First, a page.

A report released by federal health officials last week reveals that a Greenwood County school employee infected with tuberculosis may have had the illness for more than a year before he was quarantined in June.
And, for the first time, it reveals that a man who sang with the employee in a musical group may have become fatally infected with the disease.
A Centers for Disease Control and Prevention (CDC) report notes the custodian at Ninety Six Primary School likely became infectious in May 2012. However, it does not appear the employee knew he had TB until a physician reported a positive test to state health officials on March 8.
Meanwhile, the report also provides more details about another man who died from complications caused by tuberculosis in April— a death that has gotten little attention and that the South Carolina Department of Health Environmental Control (DHEC) had not publicly acknowledged until now.
While the information is not news to those directly involved in the investigation (the report relies heavily on DHEC’s data), it helps paint a better picture of the chain of events that led to an outbreak of tuberculosis at Ninety Six Primary School this spring.
Because TB germs can be spread through the air (usually by coughing, sneezing, or talking), DHEC policies require identified cases to be reported and treated. Most people who get the germs never actually develop the disease and are thus not contagious. However, about 10 percent of those infected do become sick.
According to the CDC, 14 people have developed active cases of TB so far. Meanwhile, DHEC officials say 53 students and 21 faculty members have tested positive for TB germs. An additional 32 people in the surrounding Ninety Six community have also tested positive for the germs.
Investigators believe all of the cases are linked back to the custodian (known as “Patient A”), who they suspect became infectious roughly three months before he began experiencing TB symptoms in August 2012. The employee worked at the school until March 8, when DHEC nurses told him not to return so they could perform more tests.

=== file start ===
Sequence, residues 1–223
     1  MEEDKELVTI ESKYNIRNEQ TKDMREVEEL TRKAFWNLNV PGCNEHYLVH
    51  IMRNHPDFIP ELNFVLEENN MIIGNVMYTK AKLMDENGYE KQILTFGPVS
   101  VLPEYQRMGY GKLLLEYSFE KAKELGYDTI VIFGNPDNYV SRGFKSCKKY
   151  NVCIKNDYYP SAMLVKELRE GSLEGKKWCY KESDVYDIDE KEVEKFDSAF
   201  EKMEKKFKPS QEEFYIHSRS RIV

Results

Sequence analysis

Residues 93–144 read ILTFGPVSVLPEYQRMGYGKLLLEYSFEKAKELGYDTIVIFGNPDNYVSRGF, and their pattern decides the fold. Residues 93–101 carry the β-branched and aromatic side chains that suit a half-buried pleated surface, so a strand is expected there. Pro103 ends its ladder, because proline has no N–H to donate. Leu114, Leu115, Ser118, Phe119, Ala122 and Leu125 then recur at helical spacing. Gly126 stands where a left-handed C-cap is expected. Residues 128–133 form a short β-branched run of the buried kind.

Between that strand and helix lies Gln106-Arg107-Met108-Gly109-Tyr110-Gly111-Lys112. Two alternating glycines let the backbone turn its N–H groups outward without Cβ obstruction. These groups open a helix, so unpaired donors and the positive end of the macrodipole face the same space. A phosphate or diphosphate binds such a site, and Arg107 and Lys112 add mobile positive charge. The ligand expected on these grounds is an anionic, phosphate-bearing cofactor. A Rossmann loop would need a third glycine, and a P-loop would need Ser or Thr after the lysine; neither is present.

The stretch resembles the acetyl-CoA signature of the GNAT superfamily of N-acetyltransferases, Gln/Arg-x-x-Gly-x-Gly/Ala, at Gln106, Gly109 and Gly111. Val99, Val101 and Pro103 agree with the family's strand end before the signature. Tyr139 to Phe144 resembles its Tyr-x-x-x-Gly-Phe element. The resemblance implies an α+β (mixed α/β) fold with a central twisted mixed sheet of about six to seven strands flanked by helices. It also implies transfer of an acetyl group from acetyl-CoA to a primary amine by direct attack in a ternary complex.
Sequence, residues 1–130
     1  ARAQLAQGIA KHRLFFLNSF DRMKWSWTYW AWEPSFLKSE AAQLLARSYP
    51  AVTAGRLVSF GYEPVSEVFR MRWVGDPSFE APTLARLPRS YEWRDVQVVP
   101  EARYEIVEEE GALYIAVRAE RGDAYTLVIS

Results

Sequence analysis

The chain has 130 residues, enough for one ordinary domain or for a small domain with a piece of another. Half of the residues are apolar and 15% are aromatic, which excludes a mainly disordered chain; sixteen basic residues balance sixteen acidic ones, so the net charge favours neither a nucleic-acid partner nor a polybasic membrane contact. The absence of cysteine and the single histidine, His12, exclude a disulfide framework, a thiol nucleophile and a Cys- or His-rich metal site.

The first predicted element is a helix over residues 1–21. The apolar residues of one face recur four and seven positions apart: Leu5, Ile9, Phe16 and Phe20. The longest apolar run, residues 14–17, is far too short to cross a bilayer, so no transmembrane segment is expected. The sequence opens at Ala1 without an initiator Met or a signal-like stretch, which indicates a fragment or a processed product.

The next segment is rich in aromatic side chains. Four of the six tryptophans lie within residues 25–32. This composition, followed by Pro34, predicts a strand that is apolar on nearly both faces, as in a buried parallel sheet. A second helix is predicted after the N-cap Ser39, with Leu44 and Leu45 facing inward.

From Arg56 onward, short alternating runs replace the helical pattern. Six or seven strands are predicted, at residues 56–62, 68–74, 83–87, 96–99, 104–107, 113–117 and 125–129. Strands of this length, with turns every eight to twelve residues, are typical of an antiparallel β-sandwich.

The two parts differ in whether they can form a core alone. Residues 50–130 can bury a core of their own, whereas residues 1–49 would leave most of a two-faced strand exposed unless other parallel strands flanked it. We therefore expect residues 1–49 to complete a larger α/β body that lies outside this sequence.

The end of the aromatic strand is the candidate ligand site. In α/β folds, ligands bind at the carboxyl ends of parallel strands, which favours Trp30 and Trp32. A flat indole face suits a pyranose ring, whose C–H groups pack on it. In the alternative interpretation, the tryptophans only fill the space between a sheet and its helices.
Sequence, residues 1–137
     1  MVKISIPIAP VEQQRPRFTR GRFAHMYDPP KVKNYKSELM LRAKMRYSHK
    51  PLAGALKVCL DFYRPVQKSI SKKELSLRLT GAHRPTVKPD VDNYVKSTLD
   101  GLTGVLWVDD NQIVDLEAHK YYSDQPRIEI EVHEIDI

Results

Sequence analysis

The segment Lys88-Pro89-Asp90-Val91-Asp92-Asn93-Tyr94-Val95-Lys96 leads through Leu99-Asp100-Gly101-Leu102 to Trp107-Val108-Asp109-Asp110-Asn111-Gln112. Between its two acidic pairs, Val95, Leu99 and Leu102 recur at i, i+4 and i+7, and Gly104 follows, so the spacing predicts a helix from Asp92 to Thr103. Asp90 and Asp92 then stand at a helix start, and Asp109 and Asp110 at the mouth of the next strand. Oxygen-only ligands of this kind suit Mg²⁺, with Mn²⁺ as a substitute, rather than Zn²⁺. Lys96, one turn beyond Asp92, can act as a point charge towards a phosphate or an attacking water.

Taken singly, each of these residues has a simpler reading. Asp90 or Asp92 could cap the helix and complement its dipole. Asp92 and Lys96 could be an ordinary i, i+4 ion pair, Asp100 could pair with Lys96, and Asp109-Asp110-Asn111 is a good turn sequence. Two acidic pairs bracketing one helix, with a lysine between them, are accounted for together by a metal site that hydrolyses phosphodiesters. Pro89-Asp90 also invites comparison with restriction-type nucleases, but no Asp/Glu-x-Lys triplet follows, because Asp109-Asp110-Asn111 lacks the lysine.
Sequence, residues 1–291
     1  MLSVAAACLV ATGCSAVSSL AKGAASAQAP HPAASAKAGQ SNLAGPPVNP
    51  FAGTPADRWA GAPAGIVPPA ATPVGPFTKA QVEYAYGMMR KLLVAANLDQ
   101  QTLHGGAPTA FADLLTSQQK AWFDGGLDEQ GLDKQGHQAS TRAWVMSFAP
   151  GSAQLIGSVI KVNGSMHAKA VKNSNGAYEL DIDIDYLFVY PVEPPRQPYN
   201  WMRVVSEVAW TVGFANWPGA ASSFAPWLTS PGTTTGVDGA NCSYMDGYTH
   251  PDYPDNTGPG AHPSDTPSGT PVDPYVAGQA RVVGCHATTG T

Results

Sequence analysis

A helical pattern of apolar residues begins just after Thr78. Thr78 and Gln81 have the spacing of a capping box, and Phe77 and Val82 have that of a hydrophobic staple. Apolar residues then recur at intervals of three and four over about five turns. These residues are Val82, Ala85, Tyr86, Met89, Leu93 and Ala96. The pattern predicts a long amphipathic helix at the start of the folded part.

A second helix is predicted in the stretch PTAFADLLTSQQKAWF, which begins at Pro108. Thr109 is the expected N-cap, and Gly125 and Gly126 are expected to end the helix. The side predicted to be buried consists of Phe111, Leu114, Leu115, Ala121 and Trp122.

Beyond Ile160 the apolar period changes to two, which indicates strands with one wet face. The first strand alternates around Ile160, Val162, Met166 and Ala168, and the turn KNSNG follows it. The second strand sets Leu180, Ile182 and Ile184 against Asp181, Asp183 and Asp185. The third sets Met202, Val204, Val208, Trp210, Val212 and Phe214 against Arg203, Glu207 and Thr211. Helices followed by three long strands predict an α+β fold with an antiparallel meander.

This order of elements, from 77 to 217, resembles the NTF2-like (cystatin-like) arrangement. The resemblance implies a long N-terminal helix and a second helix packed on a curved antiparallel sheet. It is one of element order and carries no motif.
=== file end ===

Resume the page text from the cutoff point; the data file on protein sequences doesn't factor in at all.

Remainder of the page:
But the damage was already done. The report says a Ninety Six teacher and 10 students soon developed the disease because of their exposure to the janitor. One of the custodian’s household contacts also developed the disease.
Now, we’re learning more about the disease’s potentially fatal impact on another Greenwood County man who was in a church singing group with “Patient A.” The CDC report notes this 79-year-old man (identified only as “Patient C” in the report) was already in declining health due to kidney disease and diabetes before he began experiencing TB symptoms in December 2012.
Family members told investigators that “Patient C” began experiencing weight loss, extreme fatigue, anorexia, and fevers until he was finally taken to a Georgia hospital in early March. The report notes “Patient A” visited him there (before “A” began TB treatment).
Following a brief discharge, “Patient C” soon returned to the hospital complaining of back pain on March 26. Doctors in intensive care were unable to prevent his situation from deteriorating further and the patient died two weeks later of Acute Respiratory Distress Syndrome (a fatal reaction to a lung infection). TB bacteria were not isolated in the patient until after his death. The final diagnosis was “fatal ARDS secondary to tuberculosis.”
It’s not clear when DHEC learned about the death (since it occurred in Georgia), or why officials never mentioned it in numerous news interviews and public releases. A DHEC spokesman did not respond to our request for an explanation.
Meanwhile, an attorney representing three former DHEC nurses claims the CDC report exonerates those ex-employees. John Reckenbeil said federal investigators relied on the same data the Greenwood nurses had collected by April and reached the conclusion that students needed to be tested. DHEC responded to Reckenbeil’s lawsuit, saying the three employees did not need state-level approval to begin testing students or request a quarantine order.
Reckenbeil maintains that executives at the agency’s central office in Columbia did not realize the seriousness of the threat until May.
“Do we really need al Qaeda to say they’re going to fly into the Twin Towers?” he told South Carolina Radio Network. “You’ve got to read the tea leaves. You’ve got to look at the evidence. That’s what you do in a position of government: you take the objective evidence and make the best decision in an unprecedented case.”
We’ve previously covered the confusion at DHEC in mid-April, when the Upstate TB program manager Malinda Martin sent an email to superiors saying there was an “active case” of tuberculosis in Greenwood County. But director of the DHEC’s TB division Shea Rabley issued a different email an hour later stating, there were no “counted cases.”
Rabley explained what she meant an op-ed to The State newspaper Wednesday, saying she was awaiting the results of a bacteria culture test at the time before confirming the existence of TB. DHEC says those results came back positive on May 1. However, Rabley did not say why another four weeks elapsed before parents were notified on May 27.